The Czech Republic has been criticized by the Council of Europe for failing to acknowledge the International Criminal Court. Eight of the Council of Europe’s 47 members are yet to acknowledge the court; they include Russia, Turkey, Ukraine and the Czech Republic. The International Criminal Court was set up in 2002 to try individuals on charges of genocide, war crimes and crimes against humanity. It has been recognised by 108 countries around the world. The Czech Senate signed a bill acknowledging the court in July last year, which was subsequently approved by the lower house in October. The bill is now pending the signature of President Václav Klaus, who is refusing to sign it, saying it is unconstitutional.
The Czech justice minister Jiří Pospíšil met Pope Benedict XVI on Wednesday, and confirmed that the head of the Catholic Church would be visiting the Czech Republic in September this year. At the meeting, the Pope said he was looking forward to his visit, but that the actual dates of the trip still had to be discussed. Mr Pospíšil was visiting the Vatican as a representative of the European Union, over which the Czech Republic currently presides.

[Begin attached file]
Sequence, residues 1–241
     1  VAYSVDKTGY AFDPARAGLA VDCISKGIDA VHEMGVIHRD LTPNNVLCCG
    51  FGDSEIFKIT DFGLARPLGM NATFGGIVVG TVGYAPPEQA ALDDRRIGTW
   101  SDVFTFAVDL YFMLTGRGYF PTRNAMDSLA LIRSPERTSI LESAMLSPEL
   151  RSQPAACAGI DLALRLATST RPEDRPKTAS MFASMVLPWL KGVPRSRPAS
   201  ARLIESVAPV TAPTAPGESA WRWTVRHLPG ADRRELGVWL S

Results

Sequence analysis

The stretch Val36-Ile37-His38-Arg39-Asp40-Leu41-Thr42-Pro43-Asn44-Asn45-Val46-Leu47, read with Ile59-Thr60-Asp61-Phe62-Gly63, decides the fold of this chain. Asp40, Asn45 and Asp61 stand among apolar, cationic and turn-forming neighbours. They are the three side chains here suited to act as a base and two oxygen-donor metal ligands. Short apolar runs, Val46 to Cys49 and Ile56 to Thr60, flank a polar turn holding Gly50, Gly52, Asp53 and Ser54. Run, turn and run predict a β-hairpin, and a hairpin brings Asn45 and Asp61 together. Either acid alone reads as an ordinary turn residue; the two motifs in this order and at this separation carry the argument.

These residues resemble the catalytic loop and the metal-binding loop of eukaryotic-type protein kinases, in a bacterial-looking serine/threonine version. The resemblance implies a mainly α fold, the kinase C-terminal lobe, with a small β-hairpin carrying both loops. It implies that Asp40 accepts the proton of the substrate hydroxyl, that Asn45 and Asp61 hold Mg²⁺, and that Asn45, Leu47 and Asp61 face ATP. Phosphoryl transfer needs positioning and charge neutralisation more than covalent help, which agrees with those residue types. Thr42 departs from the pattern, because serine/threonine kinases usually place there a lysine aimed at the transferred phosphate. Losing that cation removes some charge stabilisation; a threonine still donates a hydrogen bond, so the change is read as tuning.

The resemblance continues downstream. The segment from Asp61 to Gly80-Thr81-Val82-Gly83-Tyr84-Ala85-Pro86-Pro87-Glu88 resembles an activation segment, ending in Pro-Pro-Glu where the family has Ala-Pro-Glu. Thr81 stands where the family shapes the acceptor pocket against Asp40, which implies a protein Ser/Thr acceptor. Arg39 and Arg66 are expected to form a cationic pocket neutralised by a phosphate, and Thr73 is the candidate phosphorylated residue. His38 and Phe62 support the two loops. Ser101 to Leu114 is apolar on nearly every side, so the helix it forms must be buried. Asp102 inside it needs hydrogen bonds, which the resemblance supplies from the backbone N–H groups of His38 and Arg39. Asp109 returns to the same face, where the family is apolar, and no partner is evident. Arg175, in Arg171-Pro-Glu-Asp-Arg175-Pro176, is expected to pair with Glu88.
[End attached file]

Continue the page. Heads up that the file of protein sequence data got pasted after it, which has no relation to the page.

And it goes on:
The majority of Czechs would like their Parliament ratify the EU’s Lisbon treaty, a poll conducted by the STEM agency and released on Wednesday suggests. A total of 64 percent of respondents said that they were for the ratification of the EU reform document, a 19 percent increase on last October’s results. Some 70 percent of those questioned, however, said that they did not understand exactly what the Lisbon treaty was for. Neither the Czech Parliament nor the Senate have voted yet on Lisbon’s ratification. The Czech Republic is, as such, the only country in the EU yet to make a decision upon the treaty. On Tuesday, MPs decided to postpone a debate on the Lisbon treaty until February 15 at the earliest.